Strictly speaking, the harmless tag in no way means that they don't get to save; it doesn't even change how they perceive the spell. It's a shorthand tag for "you probably don't want to bother saving against this" and comes up for a select few abilities, but that's it.

Just a thought, because some players might not be fond of you throwing, effectively, a no-save debuff on them. Marid's Mastery is a very good debuffing spell, but it's no different from any other spell-- it can be Spellcraft'd, saved against, or both. Just be sure you know your players on that one.
FanOfMostEverything 10th Aug 2015, 6:50 AM edit delete reply
Hmm. Valid point. I can still see a way to be a sneaky sneak with this, but it's certainly something to bear in mind. Thanks.
Heckler 9th Aug 2015, 1:48 PM edit delete reply
I know mage hand is only supposed to be able to to pick stuff up and carry it, but I used the force from mage hand to deliver a remote Thousand Years of Death on a female foe. The DM allowed it and said the foe was so shocked she dropped her weapon, disarming her for a few rounds.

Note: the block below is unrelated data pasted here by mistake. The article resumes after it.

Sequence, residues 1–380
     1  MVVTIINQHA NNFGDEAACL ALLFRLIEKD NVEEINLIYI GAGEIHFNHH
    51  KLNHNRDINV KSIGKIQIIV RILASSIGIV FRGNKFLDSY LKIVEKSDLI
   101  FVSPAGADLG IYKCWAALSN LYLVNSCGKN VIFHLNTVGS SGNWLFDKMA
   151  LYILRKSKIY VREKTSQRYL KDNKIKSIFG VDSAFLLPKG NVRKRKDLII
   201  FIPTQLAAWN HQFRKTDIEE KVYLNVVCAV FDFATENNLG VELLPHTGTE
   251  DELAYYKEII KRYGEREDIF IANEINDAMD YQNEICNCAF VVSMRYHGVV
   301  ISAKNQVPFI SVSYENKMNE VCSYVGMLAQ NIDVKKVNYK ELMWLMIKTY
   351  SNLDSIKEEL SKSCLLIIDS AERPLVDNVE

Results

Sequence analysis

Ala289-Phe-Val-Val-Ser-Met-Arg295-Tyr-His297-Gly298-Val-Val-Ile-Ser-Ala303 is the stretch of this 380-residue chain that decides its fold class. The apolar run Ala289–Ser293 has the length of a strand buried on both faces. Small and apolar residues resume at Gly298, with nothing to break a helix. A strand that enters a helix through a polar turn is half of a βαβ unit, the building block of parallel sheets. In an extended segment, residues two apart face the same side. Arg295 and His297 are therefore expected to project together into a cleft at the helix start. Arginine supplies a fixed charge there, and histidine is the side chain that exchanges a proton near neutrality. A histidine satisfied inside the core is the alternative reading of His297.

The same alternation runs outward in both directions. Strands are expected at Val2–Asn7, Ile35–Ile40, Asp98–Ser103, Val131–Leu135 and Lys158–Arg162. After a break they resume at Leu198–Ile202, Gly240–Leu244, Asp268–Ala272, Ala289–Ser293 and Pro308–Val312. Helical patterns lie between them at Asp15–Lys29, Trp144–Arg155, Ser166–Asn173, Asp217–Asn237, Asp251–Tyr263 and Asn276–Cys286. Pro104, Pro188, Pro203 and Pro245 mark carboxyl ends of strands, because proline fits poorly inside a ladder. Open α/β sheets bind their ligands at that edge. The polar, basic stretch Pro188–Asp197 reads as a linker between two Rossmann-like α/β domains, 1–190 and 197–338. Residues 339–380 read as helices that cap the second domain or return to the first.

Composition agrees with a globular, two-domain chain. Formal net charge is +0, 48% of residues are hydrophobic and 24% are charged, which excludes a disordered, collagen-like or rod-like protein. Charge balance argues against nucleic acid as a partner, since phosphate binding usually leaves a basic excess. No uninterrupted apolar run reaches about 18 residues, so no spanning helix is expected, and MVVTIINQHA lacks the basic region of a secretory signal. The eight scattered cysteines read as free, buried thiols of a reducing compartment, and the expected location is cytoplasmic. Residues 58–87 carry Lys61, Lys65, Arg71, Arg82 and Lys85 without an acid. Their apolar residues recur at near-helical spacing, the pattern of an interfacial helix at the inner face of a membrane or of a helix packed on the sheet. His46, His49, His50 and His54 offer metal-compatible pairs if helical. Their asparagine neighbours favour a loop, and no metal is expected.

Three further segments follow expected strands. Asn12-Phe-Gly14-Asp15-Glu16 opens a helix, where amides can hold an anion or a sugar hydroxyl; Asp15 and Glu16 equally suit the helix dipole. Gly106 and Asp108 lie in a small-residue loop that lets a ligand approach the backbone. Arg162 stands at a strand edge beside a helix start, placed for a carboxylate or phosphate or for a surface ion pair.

Raxon 9th Aug 2015, 6:57 PM edit delete reply
I could build a whole mage, based around that one spell. It would be so much fun.

Oh geeze, the nipple tweaks mage hand could deliver...
Heckler 10th Aug 2015, 10:40 AM edit delete reply
That was my next attack againstbher, only it was a Shocking Grasp spell, aided by Aberration Blood-line elongated limbs.

Sadly, the elven ranger shot an arrow through her head before I could think of another tactic.
Sheepking 10th Aug 2015, 12:07 PM edit delete reply